Gimme Shelter
By AMY LITTLEFIELD  |  January 28, 2009
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Losing common ground

Among the chaos of fractious voices at the 17th International AIDS Conference, it’s hard to discern a clear message, and even harder to know who might be receiving it.  
A new rift between science and activism undermines progress in the fight against AIDS
By DAVID KISH  |  October 02, 2008

Harold Wells made up this headline, too


Letters to the Boston editor, September 26, 2008
By BOSTON PHOENIX LETTERS  |  September 24, 2008


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Bright flavors

The Merry Table, whose crêpes are quite good, deserves a better name.
The Merry Table serves crêpes to linger over
By BRIAN DUFF  |  July 09, 2008
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Tough love

The staff at Gauchos are the key to the experience and the best part of the meal.
Disappointing meat from friendly staff at Gauchos
By BRIAN DUFF  |  May 21, 2008
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Local heroes 2008

In this, the eleventh annual edition of the Providence Phoenix’s “Best” issue, we highlight people and organizations who are doing exceptionally good work.
Ramon Martinez, Bill Harley, Ren Whitaker, and Bob Fusaro
By PROVIDENCE PHOENIX STAFF  |  April 17, 2008
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Happy days

He eats rotten shark in Iceland, gets fried on Moroccan hash in the Netherlands, and graciously accepts a 14-inch gift penis in Bhutan.
The Geography of Bliss
By AMY FINCH  |  April 08, 2008
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Temporarily north of the border

Add another name to the list of Phoenix alums (Mark Leibovich, Dave Crowley, Seth Gitell, Dan Kennedy) writing on the 2008 presidential race.
Al Giordano plays the Field
By ADAM REILLY  |  December 19, 2007


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Lorca without Lorca

Is it possible for a work of art to seem both completely sincere in its intentions and at the same time counterfeit and manipulative?
Opera Boston’s Ainadamar, plus Ida Haendel, the BSO, and West Side Story
By LLOYD SCHWARTZ  |  October 30, 2007
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Soaring spirit

For travelers along Route 138 in South Kingstown, the monumental public art of Andean artist Peruko Ccopacatty has been visible for the past 20 years.
Peruko Ccopacatty’s fresh perspective
By JOHNETTE RODRIGUEZ  |  October 09, 2007
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The dirty story behind local energy

It’s hard to imagine that a town as poor as this one could have a slum.
Eastern Massachusetts hums comfortably on Colombian coal. But the mines are devastating land and lives in the Guajira peninsula.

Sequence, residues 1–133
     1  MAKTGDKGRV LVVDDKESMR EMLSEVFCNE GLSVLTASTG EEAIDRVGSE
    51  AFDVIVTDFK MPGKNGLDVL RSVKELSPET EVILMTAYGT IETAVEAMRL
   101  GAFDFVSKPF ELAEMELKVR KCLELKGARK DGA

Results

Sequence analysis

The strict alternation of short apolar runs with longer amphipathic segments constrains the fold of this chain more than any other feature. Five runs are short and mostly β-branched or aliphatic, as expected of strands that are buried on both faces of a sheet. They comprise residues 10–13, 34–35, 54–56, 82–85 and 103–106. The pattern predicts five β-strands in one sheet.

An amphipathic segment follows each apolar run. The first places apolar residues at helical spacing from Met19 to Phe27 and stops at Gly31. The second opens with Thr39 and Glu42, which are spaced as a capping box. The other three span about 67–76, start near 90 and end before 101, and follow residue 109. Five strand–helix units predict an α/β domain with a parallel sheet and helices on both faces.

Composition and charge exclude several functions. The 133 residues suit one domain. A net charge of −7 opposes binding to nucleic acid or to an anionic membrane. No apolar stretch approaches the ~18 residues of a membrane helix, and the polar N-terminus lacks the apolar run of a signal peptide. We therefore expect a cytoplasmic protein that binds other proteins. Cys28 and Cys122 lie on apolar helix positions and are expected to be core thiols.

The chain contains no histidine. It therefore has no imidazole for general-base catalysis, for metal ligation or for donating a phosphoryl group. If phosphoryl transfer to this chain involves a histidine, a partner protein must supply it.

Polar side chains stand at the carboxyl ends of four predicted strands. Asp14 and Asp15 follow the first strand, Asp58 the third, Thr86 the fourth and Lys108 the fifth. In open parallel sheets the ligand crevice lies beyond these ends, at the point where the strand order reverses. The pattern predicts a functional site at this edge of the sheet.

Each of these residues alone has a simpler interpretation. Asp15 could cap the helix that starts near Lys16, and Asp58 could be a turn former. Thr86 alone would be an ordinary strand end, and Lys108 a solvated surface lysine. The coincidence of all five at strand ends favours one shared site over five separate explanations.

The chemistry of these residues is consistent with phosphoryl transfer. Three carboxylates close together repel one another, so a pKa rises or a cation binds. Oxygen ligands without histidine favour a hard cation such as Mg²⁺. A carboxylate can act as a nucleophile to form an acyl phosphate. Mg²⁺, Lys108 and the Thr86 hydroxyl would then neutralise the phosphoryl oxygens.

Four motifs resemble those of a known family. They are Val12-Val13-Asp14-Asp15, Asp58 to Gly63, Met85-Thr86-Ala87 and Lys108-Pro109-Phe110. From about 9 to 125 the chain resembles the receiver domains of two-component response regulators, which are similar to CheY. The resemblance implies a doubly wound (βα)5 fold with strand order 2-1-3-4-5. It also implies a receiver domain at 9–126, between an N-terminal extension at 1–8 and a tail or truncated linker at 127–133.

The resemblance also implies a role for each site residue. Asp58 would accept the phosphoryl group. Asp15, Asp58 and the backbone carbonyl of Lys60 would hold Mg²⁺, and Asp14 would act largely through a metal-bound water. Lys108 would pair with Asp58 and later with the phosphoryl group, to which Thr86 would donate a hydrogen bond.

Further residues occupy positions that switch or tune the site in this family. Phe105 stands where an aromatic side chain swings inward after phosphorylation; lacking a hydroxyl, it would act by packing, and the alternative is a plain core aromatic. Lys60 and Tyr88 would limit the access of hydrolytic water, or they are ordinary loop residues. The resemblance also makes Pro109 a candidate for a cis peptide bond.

By AVIVA CHOMSKY  |  October 01, 2007
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Damn you, Barack Obama

Now that Obama's small contributors have effectively rewritten the history of political-campaign funding, even die-hard cynics are drinking the Kool-Aid.
Win or lose, Obama's small donors may have already brought a revolution in campaign financing
By AL GIORDANO  |  September 26, 2007
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Pop goes to war

Next time you put on the new Spoon single to make that subway ride go by a little faster, consider what musical escapism means to troops in Iraq.
Music and movies are vital coping mechanisms for US servicepeople in Iraq. And often, say four local troops, after they get home.
By MIKE MILIARD  |  July 25, 2007


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Post-punk pantheon

They were, by definition, misfits.
Daydream Nation  tops our list of 10 landmark albums that made indie rock
By PHOENIX STAFF  |  July 16, 2007

Beyond the border

Finding Casa Romero — a dining institution for more than 30 years — is like following directions to a speakeasy.
These days, Boston’s Latin-food scene offers much more than Mexican
By LOUISA KASDON  |  May 07, 2007
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Boston music news: May 4, 2007

Chris Mascara has been thinking about musical genres and labeling.
Notes on Chris Mascara and Berklee's new internet radio presence
By JIM SULLIVAN  |  May 01, 2007
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Starbucks faces criticism on Ethiopian coffee deal

The ubiquitous coffee merchant is under fire for what critics describe as giving a raw deal to small Ethiopian coffee farmers.
Fair trade
By MIRIAM ALTMAN  |  April 04, 2007